In a momentous in-person return, schools, colleges and unit career teams in partnership with Syracuse University Career Services will host Career Week Sept. 26-30, 2022. All students, regardless of class year and major, are welcome and encouraged to connect with more than 200 employers by participating in a variety of events. Attending employers are eager to “hire orange” for internship and post-graduation positions—some even hosting on campus interviews.
“Over the past few years, professional landscapes have experienced historical changes,” says Adam Capozzi, director of Career Services, assessment and student success. “Overarchingly cultivating a trajectory of success, our proactive responses have strengthened events and resources to further establish professional development for all students, especially encouraging our first year students to participate.”
What events are available and how can students register?
For each event, it is important for students to register on Handshake and prepare before attending. Additional support is available on the Handshake instructional webpage.
How can students prepare?
Information is also available on the Career Week webpage.
- Attend professional development and career development events before and during Career Week.
- Review resumes with career advisors and the VMock platform, a free 24-hour service.
- Proactively organize a list of interesting employers and then research them.
- From attire, bringing extra resumes, LinkedIn accounts, polishing an introductory “pitch” and more, plan with career advisors on how to best make a professional impression.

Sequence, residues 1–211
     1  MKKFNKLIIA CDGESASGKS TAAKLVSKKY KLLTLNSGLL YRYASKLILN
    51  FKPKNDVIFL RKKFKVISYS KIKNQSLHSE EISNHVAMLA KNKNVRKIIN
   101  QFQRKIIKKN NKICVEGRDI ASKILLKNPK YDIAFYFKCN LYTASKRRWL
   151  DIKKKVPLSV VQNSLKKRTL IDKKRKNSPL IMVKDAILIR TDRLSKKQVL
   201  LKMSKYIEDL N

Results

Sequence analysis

What if students are unsure about attending?
No strangers to the feelings of uncertainty surrounding networking and planning for employment, Career Services interns share words of encouragement and welcome to all students during Career Week and beyond.
“The more you start exposing yourself, the more prepared and less nervous you will feel. Attending events periodically makes preparing yourself for the future easier, ”
says Anna Salewycz ’25.
“I think students think that they should only attend events that are concentrated on a specific major or company. It’s important to pursue building connections in different industries and learning about new careers across many events,” says Marie-Elise Ambroise ’24.
“There is no harm in attending events, it will only help with future career aspirations. Events may seem like high-pressure situations but they can be used as great learning opportunities for professional development,” says Ellie Brill ’23.
“I wish the campus community knew about the connections events can give you and that there is so much advice provided on any part of the employment process,” says Victoria LaFarge ’25.